Yes, It Goes Quiet Sometimes

January 15th, 2010 | daybook

Mired in a few deadline-intensive things right now, so, yes, it’s gone a bit quiet here.

RED has commenced shooting, and apparently all is well. Hoping to get out to the set next month, if I can chisel out the time — the start of the year is always work-heavy, and I’m slammed for the next several weeks, poking my head out of my sett sometime in March to sniff the air.

On a completely different tack, I haven’t seen anyone else say this yet, and so Simon Reynolds is QFT:

(The Streets/Mike) Skinner’s last few albums have had this incredible self-erasing man effect, haven’t they? Such a self-whittling to near nothing of a Major Artist of the Decade has rarely been witnessed.

It’s weird, isn’t it? ORIGINAL PIRATE MATERIAL was immature in places, yeah, but it was monstrously strong in most others. And it went straight from there to "cor, it’s ’orrible being rich and famous, innit?" and splat, the fire was out and it never came back. It’s like he lived a twenty-year career in six or seven.

Somewhere in the back of my head is a small book about the ’00s as a haunted decade.

Back to slaving over a hot laptop.


9 Responses to “Yes, It Goes Quiet Sometimes”

  1. that’s a good suggestion for one of these iTunes Gift Cards I got. I only have Skinner’s “A Grand Don’t Come For Free” and I tripped over it, barely aware of the single as well in 2004. And I always was tempted to pick up the subsequent releases but I just didn’t have the yen for it. Nonetheless, I found “A Grand Don’t…” to be a witty, charming romp. Like reading a funnybook. I was really hooked on it and will still give it a spin. A funny little story…could have happened to me in my 20s.
    So I’ve been wondering about Original Pirate Material. I’ll go pick it up. Thanks. May I randomly suggest The Fireman’s “Electric Arguments”, the 2nd best album I bought off the iTunes Store in ’09. I’ve been wrong before, I’ll be wrong again. I’m sorry, Sir Paul…you do still RAWK! ::throws goat:: Oi.

    crea shaakti,
    rev sully

  2. I actually like the third album the most, The Hardest Way to Make an Easy Living. It isn’t high concept like “A Grand…”, but it also has fewer rough edges and a more aggressive sound. Plus it’s just damned amusing. The fourth album was rubbish, but 1 dud out of 4 isn’t bad at all.

  3. all that ‘the streets’ stuff was modern toss, there was nothing revelatory about any of it, listening to some ‘geeza’ dingbat talking about loosely connected twaddle spun around ”ow ‘ard it iz to be ah geeza and to pick aaap gurlz’ or whatever the fuck it was, was just another snap-shot of how piss-poor popular taste has become in this cuntry. Match that with that twat Chris Moyles and that half-baked Captain Jack wannabe Russel Brand and just about everything else that makes you ‘groan’ from the repercussions due to the ‘rise of the idiots’ and you start to get a sense of why it’s just fucking painful to watch TV or listen to the radio these days. (i’m sure i can now spend 10 more mins connecting all of that to politics and the state of the economy, but i wont…)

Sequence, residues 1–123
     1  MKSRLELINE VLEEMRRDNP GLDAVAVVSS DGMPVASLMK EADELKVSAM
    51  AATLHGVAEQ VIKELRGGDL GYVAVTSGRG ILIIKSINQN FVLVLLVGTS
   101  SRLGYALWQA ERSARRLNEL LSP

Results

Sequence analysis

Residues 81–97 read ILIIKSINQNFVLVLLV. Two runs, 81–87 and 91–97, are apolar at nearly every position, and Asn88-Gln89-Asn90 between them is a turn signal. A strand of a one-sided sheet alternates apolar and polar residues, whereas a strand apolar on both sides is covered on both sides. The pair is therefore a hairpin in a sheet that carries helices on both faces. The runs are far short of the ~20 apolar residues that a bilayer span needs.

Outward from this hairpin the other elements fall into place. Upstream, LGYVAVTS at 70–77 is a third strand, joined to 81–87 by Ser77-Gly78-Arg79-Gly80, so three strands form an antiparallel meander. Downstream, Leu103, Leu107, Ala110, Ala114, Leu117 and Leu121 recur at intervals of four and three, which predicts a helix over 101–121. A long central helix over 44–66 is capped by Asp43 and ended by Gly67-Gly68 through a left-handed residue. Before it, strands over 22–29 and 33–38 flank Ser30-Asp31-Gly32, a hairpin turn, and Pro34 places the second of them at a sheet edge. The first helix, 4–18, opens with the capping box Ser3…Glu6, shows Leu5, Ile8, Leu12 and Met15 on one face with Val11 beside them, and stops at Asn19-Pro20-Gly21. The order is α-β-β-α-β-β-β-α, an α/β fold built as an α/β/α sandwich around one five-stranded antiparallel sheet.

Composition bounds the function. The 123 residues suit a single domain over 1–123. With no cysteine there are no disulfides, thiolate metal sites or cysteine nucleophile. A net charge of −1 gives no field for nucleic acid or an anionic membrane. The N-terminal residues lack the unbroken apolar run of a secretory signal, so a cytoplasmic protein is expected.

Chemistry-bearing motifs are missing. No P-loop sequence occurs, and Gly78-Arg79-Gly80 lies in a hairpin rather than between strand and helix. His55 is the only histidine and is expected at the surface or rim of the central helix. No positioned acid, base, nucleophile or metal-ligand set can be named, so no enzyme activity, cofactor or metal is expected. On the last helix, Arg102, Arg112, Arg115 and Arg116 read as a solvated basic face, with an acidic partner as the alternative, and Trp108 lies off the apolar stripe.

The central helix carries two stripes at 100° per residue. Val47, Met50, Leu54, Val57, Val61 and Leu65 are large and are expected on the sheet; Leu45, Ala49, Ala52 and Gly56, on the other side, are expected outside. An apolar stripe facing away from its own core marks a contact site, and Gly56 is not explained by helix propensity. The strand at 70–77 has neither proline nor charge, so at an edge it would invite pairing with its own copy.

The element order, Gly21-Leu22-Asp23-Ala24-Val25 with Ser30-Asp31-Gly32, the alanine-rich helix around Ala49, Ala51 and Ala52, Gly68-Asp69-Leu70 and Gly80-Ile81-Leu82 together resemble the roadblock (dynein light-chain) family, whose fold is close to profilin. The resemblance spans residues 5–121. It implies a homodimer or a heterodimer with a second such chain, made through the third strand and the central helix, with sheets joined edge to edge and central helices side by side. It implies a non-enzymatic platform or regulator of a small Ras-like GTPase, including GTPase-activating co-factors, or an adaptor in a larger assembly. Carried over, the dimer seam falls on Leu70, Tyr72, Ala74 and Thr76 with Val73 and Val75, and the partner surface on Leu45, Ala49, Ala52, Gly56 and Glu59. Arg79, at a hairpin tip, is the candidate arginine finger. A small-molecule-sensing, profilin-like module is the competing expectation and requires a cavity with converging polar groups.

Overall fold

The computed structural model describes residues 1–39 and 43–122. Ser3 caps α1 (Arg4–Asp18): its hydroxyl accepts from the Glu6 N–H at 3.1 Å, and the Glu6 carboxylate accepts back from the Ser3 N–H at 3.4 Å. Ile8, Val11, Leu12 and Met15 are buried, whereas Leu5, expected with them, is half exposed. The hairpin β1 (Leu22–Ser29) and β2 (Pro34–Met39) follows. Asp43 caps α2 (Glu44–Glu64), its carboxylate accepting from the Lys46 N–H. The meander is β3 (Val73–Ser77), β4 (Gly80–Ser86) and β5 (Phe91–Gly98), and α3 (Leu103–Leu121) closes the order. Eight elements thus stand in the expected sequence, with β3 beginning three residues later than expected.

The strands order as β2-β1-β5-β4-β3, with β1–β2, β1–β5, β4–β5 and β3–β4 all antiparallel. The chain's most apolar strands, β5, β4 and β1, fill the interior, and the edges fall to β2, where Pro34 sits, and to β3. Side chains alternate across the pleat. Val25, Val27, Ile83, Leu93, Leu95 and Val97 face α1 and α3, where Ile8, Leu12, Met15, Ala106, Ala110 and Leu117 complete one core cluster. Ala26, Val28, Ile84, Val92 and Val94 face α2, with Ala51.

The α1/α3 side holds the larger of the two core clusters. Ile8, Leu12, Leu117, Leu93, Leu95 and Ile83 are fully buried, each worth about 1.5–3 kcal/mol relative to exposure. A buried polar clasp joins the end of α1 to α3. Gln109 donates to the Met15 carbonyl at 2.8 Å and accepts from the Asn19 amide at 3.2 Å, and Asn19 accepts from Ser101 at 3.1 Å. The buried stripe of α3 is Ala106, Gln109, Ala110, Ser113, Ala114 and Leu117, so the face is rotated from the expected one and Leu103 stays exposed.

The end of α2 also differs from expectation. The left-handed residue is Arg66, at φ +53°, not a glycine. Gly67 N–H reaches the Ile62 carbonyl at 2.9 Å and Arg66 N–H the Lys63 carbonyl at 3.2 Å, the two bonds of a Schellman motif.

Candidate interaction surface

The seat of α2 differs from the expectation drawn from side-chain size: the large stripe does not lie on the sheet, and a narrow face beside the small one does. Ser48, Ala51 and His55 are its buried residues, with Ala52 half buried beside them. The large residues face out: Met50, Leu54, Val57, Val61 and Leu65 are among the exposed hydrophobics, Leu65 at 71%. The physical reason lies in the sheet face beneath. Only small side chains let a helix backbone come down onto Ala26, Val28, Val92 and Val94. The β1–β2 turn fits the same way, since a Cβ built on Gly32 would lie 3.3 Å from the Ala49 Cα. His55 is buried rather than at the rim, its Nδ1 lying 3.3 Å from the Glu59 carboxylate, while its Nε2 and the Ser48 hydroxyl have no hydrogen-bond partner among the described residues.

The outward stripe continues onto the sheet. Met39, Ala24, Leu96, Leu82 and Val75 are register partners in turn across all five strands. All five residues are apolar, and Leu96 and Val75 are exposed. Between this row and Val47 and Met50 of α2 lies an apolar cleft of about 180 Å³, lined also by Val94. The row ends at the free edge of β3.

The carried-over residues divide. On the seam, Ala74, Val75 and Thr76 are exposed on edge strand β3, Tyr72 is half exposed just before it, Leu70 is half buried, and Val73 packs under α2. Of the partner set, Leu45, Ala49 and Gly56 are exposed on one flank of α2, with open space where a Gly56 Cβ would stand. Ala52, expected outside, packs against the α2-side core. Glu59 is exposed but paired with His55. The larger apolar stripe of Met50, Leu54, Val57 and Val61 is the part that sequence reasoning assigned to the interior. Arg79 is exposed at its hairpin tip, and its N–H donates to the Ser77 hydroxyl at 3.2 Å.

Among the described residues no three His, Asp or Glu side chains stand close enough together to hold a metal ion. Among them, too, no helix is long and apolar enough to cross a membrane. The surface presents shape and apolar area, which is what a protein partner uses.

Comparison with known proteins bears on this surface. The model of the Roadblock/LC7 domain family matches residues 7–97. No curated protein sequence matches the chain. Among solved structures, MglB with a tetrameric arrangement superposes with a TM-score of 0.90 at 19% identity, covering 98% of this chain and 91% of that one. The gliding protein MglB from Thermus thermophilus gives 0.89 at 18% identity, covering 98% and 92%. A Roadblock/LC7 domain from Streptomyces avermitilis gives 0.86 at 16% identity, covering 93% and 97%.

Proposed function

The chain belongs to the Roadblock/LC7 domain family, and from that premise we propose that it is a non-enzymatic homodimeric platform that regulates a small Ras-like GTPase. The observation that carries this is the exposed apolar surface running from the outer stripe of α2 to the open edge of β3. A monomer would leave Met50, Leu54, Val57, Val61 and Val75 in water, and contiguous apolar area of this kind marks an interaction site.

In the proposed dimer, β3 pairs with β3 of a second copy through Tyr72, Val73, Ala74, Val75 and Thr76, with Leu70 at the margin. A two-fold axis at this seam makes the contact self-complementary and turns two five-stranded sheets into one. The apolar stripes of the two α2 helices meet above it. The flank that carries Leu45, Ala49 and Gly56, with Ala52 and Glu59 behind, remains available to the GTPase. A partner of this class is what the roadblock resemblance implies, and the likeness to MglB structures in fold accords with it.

4. See, Dekker, this is how I know you never actually listened to ORIGINAL PIRATE MATERIAL.

  5. Sorry, don’t agree about Mike Skinner at all on this one. ‘Naive DIY British bedroom ingenuity’ to ‘modern day concept album’ to ‘difficulties-of-fame album’ to ‘timeless parables told well (with something approaching wisdom gained from knowledge and experience)’. Mike Skinner is probably the most honest and truly modern songwriter around, I certainly don’t see his work as diminishing over the last decade. If anything he has progressed and his work become stronger, in my view.

  6. I’ve not listened to Original pirate material but i do have a grand don’t come for free. I just listened to it again, its not terrible i guess but it doesn’t do anything special for me. Just another kind of pop music. And for pop, God help me i like my lily allen albums better.

    That being said i’ll check out opm, because you’ve led me to the crystal stilts and the focus group. Oh also Fuck buttons.

    Really this blog has done a lot for me music wise.

  7. I hated the crap he was spilling on that first album, it just struck me as the same as those squawking street poets you used to see in between bands on the Old grey whistle test.
    I heard a recent offering and the guy has been reading Dawkins and talking to A.C Grayling and actually writing about events that effect all of us and our place in the overall scheme of (no)things, I wouldnt buy it but its admirable that he decided not to carry on plowing the same furrow for the Nuts/Zoo readers, the sign of a true artist…even if it leaves him without a pot to piss in.

  8. I don’t really agree with that, OPM was a bloody great album, and I basically agree with everything else you’ve said Brad (apart from the squawking street poets), so I won’t repeat it. But I think it’s more a case of the fans leaving when a pop artist evolves, not the artist themselves getting shit. Always happens with the interesting ones. The audience falls off then they tend to make interesting stuff that no-one cares about, Talk Talk spring to mind as quite an extreme example.

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